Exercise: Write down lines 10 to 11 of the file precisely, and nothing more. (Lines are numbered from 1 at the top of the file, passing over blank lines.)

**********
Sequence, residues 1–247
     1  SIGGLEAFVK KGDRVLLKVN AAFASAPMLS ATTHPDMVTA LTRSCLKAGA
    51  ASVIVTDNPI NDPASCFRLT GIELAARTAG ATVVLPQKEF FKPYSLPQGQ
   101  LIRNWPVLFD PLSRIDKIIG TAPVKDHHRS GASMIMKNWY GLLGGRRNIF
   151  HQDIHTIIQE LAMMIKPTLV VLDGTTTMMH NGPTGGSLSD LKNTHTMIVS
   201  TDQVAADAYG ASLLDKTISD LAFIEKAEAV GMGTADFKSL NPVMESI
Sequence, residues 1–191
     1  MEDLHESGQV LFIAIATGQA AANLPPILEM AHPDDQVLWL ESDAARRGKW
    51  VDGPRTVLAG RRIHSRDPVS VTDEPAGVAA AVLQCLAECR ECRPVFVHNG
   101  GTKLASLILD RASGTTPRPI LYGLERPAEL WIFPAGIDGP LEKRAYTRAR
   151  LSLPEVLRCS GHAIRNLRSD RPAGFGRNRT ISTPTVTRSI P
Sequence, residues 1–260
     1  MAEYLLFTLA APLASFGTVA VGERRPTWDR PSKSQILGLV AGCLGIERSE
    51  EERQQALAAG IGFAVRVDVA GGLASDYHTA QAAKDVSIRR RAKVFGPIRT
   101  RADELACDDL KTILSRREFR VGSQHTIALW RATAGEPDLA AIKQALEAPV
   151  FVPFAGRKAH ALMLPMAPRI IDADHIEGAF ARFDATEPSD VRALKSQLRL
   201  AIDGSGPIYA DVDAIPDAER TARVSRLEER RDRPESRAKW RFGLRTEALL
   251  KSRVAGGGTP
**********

   101  GTKLASLILD RASGTTPRPI LYGLERPAEL WIFPAGIDGP LEKRAYTRAR
   151  LSLPEVLRCS GHAIRNLRSD RPAGFGRNRT ISTPTVTRSI P